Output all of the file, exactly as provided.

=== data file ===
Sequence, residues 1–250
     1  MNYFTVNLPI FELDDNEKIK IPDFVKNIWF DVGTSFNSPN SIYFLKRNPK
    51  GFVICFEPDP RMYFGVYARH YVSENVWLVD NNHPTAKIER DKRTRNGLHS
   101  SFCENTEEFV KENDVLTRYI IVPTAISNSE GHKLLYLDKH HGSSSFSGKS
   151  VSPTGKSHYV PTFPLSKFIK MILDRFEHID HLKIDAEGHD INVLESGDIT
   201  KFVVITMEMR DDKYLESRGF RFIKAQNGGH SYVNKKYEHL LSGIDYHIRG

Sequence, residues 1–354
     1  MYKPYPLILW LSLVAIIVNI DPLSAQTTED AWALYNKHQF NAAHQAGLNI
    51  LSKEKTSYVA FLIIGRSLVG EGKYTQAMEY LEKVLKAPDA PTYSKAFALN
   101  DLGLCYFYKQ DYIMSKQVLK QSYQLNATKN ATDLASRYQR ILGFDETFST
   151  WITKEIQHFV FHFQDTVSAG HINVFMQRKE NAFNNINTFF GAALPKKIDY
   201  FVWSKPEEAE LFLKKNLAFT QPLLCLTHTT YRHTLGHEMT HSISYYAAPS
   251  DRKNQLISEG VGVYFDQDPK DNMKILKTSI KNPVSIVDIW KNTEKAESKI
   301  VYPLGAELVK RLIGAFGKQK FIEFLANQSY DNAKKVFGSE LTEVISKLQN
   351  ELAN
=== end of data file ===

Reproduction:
Sequence, residues 1–250
     1  MNYFTVNLPI FELDDNEKIK IPDFVKNIWF DVGTSFNSPN SIYFLKRNPK
    51  GFVICFEPDP RMYFGVYARH YVSENVWLVD NNHPTAKIER DKRTRNGLHS
   101  SFCENTEEFV KENDVLTRYI IVPTAISNSE GHKLLYLDKH HGSSSFSGKS
   151  VSPTGKSHYV PTFPLSKFIK MILDRFEHID HLKIDAEGHD INVLESGDIT
   201  KFVVITMEMR DDKYLESRGF RFIKAQNGGH SYVNKKYEHL LSGIDYHIRG

Sequence, residues 1–354
     1  MYKPYPLILW LSLVAIIVNI DPLSAQTTED AWALYNKHQF NAAHQAGLNI
    51  LSKEKTSYVA FLIIGRSLVG EGKYTQAMEY LEKVLKAPDA PTYSKAFALN
   101  DLGLCYFYKQ DYIMSKQVLK QSYQLNATKN ATDLASRYQR ILGFDETFST
   151  WITKEIQHFV FHFQDTVSAG HINVFMQRKE NAFNNINTFF GAALPKKIDY
   201  FVWSKPEEAE LFLKKNLAFT QPLLCLTHTT YRHTLGHEMT HSISYYAAPS
   251  DRKNQLISEG VGVYFDQDPK DNMKILKTSI KNPVSIVDIW KNTEKAESKI
   301  VYPLGAELVK RLIGAFGKQK FIEFLANQSY DNAKKVFGSE LTEVISKLQN
   351  ELAN